Despite the clear physiological importance of endogenous GC during development, there are evidence supporting that an excess of exogenous GC during pregnancy is correlated with reduced birth weight and subsequent development of the common cardiovascular and metabolic disorders of adult life, notably hypertension, insulin resistance and type 2 diabetes [9], [14], [15]. Adverse effects of GC exposure could be related to GR, a member of the nuclear hormone receptor superfamily of ligand-activated transcription factors, which are expressed in most fetal tissues from early embryonic stages [16]. In rat, several GR mRNA transcripts have been detected; its expression is tissue-specific and complexly regulated [17]. Eleven exon 1 sequences have been identified and characterized, being transcripts containing exon 110 (GR110) the most predominantly expressed in rat liver (more than 75%). In addition, the expression of this exon is able to change epigenetically by perinatal environmental manipulations, like maternal diet [18]. Prenatal GC treatment, maternal malnutrition and protein-restricted feeding protocols during pregnancy have induced increased, hepatic GR expression in the offspring [18][21]. Glucocorticoids regulate several important hepatic processes related with carbohydrate and fat metabolism. For example, hepatic phosphoenolpyruvic-carboxykinase (PEPCK), a rate-limiting step in gluconeogenesis and acyl-CoA oxidase (AOX), a PPARα target gene involved in peroxisomal fatty acid β-oxidation, may be altered directly or indirectly by GC overexposure [22], [23].

It has been demonstrated that placental cells incubated with Cd show lower levels of 11β-HSD2 expression, suggesting that the Cd content in tobacco smoke may induce fetal overexposure to GC and, consequently, low birth weight [24].

In addition, as previously demonstrated in cultured liver cells, we have recently shown that Cd added to cultured choriocarcinoma cells (JEG-3) induced DNA methylation of the 11β-HSD2 gene (Hsd11b2), probably through alterations in DNA methyltransferase (DNMT) activity and expression [25], [26]. GR expression has been associated to GR promoter methylation and its regulation has been linked to fetal programming induced by stress or undernutrition [15], [27], [28].

Currently, it is not known whether developmental exposure to Cd alters the methylation of specific or all CpG dinucleotides within gene promoter regions in liver GR110 of rat offspring, and consequently, the expression of enzymes involved in carbohydrates and lipids metabolism. In this study, we exposed pregnant rats to Cd (50 ppm) and examined the effects on individual CpG dinucleotide in the promoter region of fetal hepatic GR gene. We also assessed the relation of CpG methylation with DNMTs (DNMT1a and DNMT3a), its substrate S-adenosyl-methionine (SAM) and the enzymes PEPCK and AOX. Epigenetic mechanisms may have a gender component [29][31], and because sex-dependent effects of Cd and GC have also been reported, we evaluated Cd effects separately on female and male offspring.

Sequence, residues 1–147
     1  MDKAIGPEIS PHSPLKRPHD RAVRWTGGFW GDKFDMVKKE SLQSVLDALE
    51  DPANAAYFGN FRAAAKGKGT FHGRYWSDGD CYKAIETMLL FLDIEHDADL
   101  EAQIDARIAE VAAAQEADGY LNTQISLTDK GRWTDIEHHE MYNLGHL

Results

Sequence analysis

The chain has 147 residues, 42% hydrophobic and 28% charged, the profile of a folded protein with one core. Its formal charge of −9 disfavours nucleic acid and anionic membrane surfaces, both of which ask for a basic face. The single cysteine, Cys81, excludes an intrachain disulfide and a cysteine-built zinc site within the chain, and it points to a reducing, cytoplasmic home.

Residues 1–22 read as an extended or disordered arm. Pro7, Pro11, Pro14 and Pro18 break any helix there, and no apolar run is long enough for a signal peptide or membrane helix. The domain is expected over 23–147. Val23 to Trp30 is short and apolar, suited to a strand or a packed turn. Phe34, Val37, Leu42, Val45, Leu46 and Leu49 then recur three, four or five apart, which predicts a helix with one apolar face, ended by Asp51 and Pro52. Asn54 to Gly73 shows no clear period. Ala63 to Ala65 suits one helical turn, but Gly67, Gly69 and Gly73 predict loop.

Fetal Characteristics

Fetuses of Cd exposed female rats registered lower birth weight (3.3 g ±0.4 vs 2.9 g ±0.4, mean ±SD, p<0.001) and size: 3.8 cm (3.6–3.9) vs 3.6 cm (3.4–3.8) (median p25–p75, p<0.01) compared to controls. When analyzed by sex, this trend continues being female’s weight and size lower than in males. Placentás weights did not change between both groups as litter size, but offsprinǵs livers from exposed mothers weighed less than controls: 0.28 g (0.26–0.30) vs 0.18 g (0.16–0.2), (median p25–p75, p<0.001).

Expression of GR (mRNA and Protein) in Fetal Liver

Because GR gene transcription is, in part, regulated by early-life environmental events that program tissue GR levels, we examined the expression of GR (mRNA and protein) in liver fetuses of males and females of Cd-treated and control dams. Results described in Fig. 1 show that hepatic GR mRNA levels of treated female fetuses (FT) are higher compared to GR mRNA of control non-exposed females (FC, Fig. 1A). On the contrary, GR mRNA levels of treated male fetuses (MT) are lower than the corresponding control males (MC, Fig. 1A). The GR protein as assessed by WB shows a concordant behavior with GR mRNA (Fig. 1 B and C): it is higher in liver of treated females (FT vs FC) and lower in treated males when comparing to respective controls (MT vs MC, Fig. 1 B and C).

Figure 1. Expression of GR in fetal liver.

GR mRNA was determined by real time PCR as described in Material and Methods (A). Results represent the GR/β actin ratio of duplicate experimental determination of 6 different biological samples of female control (FC) and Cd-treated offspring (FT) and male control (MC) and Cd-treated offspring (MT). Western blot analysis for GR protein expression in the liver of control (FC) and treated female (FT) and control (MC) and treated male (MT) fetus (B). GR western blot signals were determined by densitometry and expressed as abundance ratios of GR related to actin (C); *p<0.05 compared with respective control.